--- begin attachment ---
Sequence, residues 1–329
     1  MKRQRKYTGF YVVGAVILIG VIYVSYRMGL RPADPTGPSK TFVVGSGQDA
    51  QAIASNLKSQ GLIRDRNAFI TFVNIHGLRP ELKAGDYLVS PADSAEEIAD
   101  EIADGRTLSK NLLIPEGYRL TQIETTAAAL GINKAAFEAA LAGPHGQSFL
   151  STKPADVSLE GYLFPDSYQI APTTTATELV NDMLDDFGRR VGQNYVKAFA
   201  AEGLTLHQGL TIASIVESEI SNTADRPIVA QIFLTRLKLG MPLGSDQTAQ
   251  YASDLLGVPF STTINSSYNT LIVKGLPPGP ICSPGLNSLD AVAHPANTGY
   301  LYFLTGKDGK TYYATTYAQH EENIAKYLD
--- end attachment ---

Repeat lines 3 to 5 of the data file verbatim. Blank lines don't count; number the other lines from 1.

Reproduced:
    51  QAIASNLKSQ GLIRDRNAFI TFVNIHGLRP ELKAGDYLVS PADSAEEIAD
   101  EIADGRTLSK NLLIPEGYRL TQIETTAAAL GINKAAFEAA LAGPHGQSFL
   151  STKPADVSLE GYLFPDSYQI APTTTATELV NDMLDDFGRR VGQNYVKAFA